The mystery of life’s origin on Earth will probably never be definitively solved. We know it arose; without a time machine to take us back 4.5 billion years, we’ll probably never know how. And the question of life elsewhere can’t be answered with speculation. But in this paper, the authors have demonstrated a viable pathway for the formation of prebiotic chemistry in feasibly common conditions. The mystery gets a little less murky, one feasible chemical reaction at a time.

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I am an MFA candidate in Creative Nonfiction at Columbia University. I focus on science writing, particularly astronomy and astrobiology. I am also a member of Neuwrite, a collaborative working group for scientists and writers. I host The Catapult, a podcast of new writing.

Discussion

2 Responses to “Prebiotic Skies”

  1. “The biggest mysteries about the origin of life – whether on Earth or distant exoplanets – aren’t limited to the actual origin, the line crossed to alive from not. There’s a whole host of chemical steps leading up to that transition that are, frustratingly, equally mysterious. [...] But the path from simple molecules to the building blocks of life is shrouded in mystery. [...] The mystery of life’s origin on Earth will probably never be definitively solved. We know it arose; without a time machine to take us back 4.5 billion years, we’ll probably never know how. And the question of life elsewhere can’t be answered with speculation. [...] The mystery gets a little less murky, one feasible chemical reaction at a time.”

    It all sounds so … mysterious. ;-)

    That makes me want to point out that perhaps surprisingly (at least it was for me!) the problem now seems amenable to mundane biological methods. Late last year Lane & Martin suggested a homology between alkaline hydrothermal vent redox chemistry and earliest chemoautotroph metabolism. ["The Origin of Membrane Bioenergetics", Lane and Martin, Cell 2012] And now Russell et al has responded with the criticism that the theory is not wrong but goes deeper, to an inorganic UCA metabolic redox cell. ["Beating the acetyl coenzyme A-pathway to the origin of life", Nitschke and Russell, Phil Trans R Soc B; and companion articles] The key that enables the implicit trait phylogeny, describing inheritance straddling geochemistry to protocell chemistry, is electron bifurcation metal centers stealing potential energy from one electron to raising another’s if I understand correctly.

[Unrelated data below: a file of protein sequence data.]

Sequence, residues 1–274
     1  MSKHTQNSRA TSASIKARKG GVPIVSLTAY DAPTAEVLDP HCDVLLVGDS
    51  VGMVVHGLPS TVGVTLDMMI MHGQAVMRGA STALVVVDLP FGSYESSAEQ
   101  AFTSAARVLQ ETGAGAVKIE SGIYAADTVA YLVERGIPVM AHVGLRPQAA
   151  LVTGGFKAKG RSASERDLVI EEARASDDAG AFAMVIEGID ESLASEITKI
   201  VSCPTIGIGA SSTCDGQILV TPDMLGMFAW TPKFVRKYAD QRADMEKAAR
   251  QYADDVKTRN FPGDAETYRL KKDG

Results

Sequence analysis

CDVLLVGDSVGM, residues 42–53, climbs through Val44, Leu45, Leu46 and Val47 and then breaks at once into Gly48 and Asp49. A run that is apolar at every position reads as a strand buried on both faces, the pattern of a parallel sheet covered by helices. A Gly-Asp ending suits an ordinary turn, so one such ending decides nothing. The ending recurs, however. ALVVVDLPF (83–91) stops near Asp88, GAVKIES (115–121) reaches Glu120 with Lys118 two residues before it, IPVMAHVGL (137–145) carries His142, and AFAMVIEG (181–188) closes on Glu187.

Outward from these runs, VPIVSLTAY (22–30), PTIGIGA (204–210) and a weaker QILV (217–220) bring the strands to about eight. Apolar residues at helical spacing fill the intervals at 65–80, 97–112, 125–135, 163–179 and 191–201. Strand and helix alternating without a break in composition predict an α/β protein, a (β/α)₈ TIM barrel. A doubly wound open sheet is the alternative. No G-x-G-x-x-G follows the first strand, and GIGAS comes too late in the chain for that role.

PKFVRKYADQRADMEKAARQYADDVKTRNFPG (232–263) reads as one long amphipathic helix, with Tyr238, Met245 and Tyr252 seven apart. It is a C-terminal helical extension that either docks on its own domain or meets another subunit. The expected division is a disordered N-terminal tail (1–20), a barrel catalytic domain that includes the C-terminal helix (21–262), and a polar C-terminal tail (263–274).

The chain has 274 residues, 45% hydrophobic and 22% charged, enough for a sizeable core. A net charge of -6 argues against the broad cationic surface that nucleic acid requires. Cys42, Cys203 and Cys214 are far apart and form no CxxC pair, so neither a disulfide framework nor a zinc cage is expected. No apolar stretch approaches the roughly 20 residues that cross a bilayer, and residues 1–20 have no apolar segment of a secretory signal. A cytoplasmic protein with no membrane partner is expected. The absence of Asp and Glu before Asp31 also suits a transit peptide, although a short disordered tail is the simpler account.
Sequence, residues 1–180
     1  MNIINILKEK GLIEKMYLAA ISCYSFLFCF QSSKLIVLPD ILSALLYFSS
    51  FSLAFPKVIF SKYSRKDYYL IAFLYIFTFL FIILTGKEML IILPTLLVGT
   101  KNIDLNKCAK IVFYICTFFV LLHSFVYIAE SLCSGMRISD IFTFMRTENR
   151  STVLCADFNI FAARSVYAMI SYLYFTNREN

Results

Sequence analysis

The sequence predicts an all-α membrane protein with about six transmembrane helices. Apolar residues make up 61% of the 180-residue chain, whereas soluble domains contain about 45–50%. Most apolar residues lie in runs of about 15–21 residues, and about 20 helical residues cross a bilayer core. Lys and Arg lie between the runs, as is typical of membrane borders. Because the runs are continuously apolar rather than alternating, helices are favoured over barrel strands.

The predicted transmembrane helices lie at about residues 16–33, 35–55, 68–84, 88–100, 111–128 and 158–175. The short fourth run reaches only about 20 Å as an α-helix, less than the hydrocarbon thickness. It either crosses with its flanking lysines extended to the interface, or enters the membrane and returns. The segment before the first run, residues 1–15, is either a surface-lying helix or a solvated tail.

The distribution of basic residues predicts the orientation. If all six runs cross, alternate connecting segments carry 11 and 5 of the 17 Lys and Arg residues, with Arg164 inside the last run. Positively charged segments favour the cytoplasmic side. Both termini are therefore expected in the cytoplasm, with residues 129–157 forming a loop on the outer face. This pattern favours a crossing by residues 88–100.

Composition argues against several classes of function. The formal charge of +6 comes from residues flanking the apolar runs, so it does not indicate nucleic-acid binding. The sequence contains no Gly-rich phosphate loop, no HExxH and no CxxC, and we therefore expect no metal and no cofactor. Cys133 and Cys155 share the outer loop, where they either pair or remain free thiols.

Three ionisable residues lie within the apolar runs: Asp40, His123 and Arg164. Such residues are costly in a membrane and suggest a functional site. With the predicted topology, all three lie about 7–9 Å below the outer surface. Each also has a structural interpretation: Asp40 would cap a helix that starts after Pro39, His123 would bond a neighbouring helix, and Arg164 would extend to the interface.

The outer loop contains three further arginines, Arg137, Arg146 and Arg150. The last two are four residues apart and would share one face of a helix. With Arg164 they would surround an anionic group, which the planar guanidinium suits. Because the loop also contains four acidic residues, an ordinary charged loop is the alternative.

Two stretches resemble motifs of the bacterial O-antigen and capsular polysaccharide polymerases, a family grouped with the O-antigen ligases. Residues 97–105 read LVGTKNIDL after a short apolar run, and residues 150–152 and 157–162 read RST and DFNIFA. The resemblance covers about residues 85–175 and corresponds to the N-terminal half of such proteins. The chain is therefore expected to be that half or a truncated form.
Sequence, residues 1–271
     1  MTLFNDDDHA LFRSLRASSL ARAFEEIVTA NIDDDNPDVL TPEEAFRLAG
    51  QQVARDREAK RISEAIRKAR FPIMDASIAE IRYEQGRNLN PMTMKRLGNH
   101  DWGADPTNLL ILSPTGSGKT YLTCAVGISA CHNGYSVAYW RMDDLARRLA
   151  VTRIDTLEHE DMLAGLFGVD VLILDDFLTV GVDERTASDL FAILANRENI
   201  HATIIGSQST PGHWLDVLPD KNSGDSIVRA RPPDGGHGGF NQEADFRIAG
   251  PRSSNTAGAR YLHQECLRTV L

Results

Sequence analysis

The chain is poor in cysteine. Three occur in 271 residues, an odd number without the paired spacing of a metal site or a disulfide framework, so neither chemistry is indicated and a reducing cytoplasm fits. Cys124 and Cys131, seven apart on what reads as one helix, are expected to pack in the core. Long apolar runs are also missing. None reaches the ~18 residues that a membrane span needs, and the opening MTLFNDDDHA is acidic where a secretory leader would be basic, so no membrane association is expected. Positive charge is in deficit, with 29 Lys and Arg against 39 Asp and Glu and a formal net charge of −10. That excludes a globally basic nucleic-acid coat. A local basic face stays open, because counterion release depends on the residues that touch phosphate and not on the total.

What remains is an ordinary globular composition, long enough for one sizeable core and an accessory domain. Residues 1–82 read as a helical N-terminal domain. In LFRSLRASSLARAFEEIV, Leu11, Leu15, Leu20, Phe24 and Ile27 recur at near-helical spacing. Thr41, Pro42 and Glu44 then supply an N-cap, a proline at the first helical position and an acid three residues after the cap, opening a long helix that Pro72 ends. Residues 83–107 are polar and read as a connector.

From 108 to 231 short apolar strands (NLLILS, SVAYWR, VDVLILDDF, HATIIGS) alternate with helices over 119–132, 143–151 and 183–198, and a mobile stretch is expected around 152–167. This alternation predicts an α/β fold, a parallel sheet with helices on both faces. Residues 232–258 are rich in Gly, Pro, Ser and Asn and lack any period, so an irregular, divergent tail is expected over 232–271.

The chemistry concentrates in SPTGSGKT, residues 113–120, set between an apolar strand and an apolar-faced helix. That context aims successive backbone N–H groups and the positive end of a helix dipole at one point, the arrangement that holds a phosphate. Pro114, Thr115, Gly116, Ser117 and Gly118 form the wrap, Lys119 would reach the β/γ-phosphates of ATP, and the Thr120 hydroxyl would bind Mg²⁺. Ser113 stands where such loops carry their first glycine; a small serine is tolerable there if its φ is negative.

So maybe the merit of other chemical evolution, such as “primordial soup” theories as presented here, is to point to ease.

    Speaking of ease, it is only if we unnaturally constrain the process away from an easiest pathway that we can’t use the observed data point of early life as constraint instead. If hydrothermal systems are fast, earliest fossils right after the late bombardment, life should be likely elsewhere. Already the next planet over, Mars, had hydrothermal systems at one time…

    Posted by Torbjörn Larsson, OM | November 30, 2013, 5:38 pm
  2. Great article! I’m glad you found the paper interesting. I think you’ve nicely encapsulated the key message we were trying to get across.

    Posted by Craig Stark | December 2, 2013, 7:31 am